Weedwatching Wall Hanging by Jen Hewett
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We're not known for containing our enthusiasm around these parts, but today's new object edition has stirred up an unprecedented screenprinted textile-stoked frenzy. We’re over the moon to welcome printmaker, artist, teacher, entrepreneur and all around amazing human Jen Hewett to the 20x200 fam, and introduce her very special debut edition, Weedwatching—a hand-screened wall hanging that we’ve been oohing and ahhing over at HQ ever since it arrived...
141128-2 by Jaime Derringer
World’s-gone-mad Tuesday greetings, collectors! It’s Jen here again, writing to offer a respite from the chaos reigning over our newscycle and social streams with some soul-soothing, inspiring art: 141128-2 by my friend on the internet since forever, the magnificent multi-hyphenate Jaime Derringer.
What amazes me about Jaime is not just the astounding array of initiatives under her purview, but the consistency and quality that defines those efforts. Lots of people know her as the force behind Design Milk, an essential read for design professionals and fanatics since the heyday of blogging in the early aughts. She’s a pioneer, sure, but she’s the rare sort of trailblazer who’s stuck with it, evolving along with the medium itself and doing a bunch of other amazing things along the way. Today she presides over not one but three different design-oriented websites, a podcast, and a handful of attention-intensive side hustles, including poetry, calligraphy and yep, art...
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LWA 10.17 by Kennedy Prints for 20x200
Hi, it’s Jen. How are you? Or, as my free-clinic Freudian shrink back in college days used to say with a thick German accent (for real!), “How are you?” Not so good, maybe? I sure can’t blame you if you’re feeling blue, or anxious or angry, or all of the above. We’re all pretty worn down by the seemingly endless stream of bad news. As I said last night on Twitter, it’s sure hard to write about art in the midst of so much hardship, loss, and tragedy, but I also truly believe that art is more essential than ever in these times. So I here I am, to talk about today’s very special, super affordable edition and the incredible guy that made it for us in honor of our tenth anniversary.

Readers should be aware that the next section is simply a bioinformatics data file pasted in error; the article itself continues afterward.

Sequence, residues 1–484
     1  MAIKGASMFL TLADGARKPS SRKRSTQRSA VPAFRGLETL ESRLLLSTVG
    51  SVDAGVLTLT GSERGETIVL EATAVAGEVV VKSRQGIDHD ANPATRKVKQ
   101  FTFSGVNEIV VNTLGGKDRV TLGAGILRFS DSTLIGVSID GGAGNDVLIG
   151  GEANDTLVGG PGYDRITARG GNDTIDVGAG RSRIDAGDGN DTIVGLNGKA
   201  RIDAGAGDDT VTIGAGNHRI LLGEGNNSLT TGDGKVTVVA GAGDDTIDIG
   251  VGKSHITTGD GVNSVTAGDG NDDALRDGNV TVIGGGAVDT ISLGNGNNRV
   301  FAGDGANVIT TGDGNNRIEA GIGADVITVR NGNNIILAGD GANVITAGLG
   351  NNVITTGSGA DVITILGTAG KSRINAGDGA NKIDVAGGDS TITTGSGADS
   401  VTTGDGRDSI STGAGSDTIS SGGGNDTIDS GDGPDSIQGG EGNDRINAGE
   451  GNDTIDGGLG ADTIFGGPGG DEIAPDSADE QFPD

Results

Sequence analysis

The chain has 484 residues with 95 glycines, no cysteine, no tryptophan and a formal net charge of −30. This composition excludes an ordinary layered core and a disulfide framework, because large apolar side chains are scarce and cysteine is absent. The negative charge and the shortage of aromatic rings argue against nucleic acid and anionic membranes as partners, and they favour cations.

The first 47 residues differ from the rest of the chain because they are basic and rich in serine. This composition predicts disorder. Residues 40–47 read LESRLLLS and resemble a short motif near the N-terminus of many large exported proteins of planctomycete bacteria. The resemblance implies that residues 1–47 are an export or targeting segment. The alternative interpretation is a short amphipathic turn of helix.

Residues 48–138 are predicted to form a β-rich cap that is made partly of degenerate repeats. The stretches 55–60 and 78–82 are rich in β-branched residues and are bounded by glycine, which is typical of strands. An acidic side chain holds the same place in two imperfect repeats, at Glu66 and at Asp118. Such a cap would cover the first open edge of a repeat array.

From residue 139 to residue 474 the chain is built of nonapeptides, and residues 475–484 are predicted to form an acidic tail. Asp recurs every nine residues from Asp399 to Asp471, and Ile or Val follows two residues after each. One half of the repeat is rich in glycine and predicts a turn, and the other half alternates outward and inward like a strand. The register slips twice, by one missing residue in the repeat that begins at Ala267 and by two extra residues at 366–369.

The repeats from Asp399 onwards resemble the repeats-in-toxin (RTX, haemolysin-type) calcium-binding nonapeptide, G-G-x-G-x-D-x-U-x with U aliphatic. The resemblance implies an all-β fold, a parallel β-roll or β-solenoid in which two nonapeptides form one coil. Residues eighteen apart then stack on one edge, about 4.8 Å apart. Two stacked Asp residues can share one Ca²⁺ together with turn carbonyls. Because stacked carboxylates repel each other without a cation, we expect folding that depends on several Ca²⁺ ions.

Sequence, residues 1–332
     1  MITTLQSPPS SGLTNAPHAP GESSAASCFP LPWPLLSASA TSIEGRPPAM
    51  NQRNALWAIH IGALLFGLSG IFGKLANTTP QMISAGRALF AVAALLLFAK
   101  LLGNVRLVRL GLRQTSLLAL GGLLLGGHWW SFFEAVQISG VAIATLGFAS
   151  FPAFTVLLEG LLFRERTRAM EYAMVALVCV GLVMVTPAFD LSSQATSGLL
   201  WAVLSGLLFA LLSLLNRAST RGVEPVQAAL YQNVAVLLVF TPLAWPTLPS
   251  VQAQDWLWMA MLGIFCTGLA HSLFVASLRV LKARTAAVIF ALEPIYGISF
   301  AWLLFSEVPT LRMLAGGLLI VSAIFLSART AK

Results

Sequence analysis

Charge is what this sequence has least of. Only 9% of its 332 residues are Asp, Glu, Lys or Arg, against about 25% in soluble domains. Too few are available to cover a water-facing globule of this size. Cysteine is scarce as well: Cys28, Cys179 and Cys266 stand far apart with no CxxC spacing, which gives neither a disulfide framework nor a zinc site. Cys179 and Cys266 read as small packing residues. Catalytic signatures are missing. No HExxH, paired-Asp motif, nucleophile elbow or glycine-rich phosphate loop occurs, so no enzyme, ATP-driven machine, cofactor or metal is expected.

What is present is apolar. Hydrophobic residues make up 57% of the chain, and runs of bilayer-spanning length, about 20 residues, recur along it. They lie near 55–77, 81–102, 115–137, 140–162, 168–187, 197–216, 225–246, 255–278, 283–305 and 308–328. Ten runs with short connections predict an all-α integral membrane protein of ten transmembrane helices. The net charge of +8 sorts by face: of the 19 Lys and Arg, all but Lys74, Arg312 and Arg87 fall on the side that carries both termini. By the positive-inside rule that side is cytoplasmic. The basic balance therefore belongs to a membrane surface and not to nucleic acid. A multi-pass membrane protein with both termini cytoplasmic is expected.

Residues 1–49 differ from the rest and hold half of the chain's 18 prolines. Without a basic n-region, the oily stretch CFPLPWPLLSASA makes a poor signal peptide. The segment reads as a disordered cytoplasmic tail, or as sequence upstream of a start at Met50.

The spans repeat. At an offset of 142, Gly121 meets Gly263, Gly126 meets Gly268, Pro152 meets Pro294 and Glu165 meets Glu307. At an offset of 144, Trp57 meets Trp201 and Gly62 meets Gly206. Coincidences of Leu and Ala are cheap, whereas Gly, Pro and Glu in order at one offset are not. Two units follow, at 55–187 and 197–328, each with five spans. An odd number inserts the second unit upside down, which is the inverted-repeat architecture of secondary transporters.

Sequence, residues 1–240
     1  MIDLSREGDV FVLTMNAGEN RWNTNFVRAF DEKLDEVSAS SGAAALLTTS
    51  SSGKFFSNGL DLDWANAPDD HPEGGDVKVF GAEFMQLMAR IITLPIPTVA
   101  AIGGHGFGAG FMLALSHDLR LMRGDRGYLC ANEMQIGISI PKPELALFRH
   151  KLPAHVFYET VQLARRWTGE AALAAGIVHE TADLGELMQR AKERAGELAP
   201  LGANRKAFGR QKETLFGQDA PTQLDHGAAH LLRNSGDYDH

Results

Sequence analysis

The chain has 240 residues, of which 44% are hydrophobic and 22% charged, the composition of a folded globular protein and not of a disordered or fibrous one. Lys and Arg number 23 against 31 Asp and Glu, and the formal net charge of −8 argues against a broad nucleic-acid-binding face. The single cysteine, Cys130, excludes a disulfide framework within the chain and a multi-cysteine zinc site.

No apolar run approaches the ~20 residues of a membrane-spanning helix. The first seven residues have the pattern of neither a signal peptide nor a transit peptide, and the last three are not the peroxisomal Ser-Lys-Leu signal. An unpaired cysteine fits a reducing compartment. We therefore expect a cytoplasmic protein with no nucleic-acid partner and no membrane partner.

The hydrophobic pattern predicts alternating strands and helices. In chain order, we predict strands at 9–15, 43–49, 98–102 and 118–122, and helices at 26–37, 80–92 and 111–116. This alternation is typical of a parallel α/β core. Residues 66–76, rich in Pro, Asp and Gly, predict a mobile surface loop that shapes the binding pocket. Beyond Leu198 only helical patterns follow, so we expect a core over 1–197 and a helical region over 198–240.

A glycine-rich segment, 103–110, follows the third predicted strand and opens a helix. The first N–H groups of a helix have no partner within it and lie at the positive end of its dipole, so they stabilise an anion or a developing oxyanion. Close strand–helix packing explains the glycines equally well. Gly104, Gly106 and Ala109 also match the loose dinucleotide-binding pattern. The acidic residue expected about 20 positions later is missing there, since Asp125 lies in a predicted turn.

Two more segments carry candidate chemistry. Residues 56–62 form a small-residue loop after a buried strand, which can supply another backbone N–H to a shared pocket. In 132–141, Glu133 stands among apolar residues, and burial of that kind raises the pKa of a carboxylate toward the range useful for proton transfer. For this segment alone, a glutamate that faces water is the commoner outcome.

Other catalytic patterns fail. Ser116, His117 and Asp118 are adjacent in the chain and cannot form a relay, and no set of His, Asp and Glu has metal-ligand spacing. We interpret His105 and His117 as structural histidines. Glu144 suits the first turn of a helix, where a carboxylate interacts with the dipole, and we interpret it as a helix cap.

“Live with art—it’s good for you.” has been my personal rallying cry since the doors of my gallery opened on Spring St in NYC back in 2003—in fact, it was emblazoned ON our door!—and it’s been a pillar of 20x200’s mission from day one. It’s previously been immortalized in letterpress prints created especially for us by Mikey Burton and Kelli Anderson, and it’s the bold statement that has made our tote bags so beloved. Creating a new version in honor of our anniversary was a no-brainer. And even better still—Amos Kennedy, a living embodiment of our own Art for Everyone ethos, is the man who lovingly produced this new iteration in his Detroit studio...
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Kojima zu, a 20x200 Vintage Edition
keeps us guessing. Made by a mystery artist, this enigmatic new Vintage Edition
of Japanese origin charms from the start. At first blush, it lures the viewer into its laid-back, breezy, brackish world. Undulating waves crash on a craggy rock, the serene sea view stretching into the horizon. If it weren’t for the clouds and the presence of two drifting seabirds in the distance, the sky and sea would almost blend together, a continuum of light blue. It’s a positively paradisiac take on a familiar natural landscape. The setting seems so exquisite, in fact, you might wonder if this artwork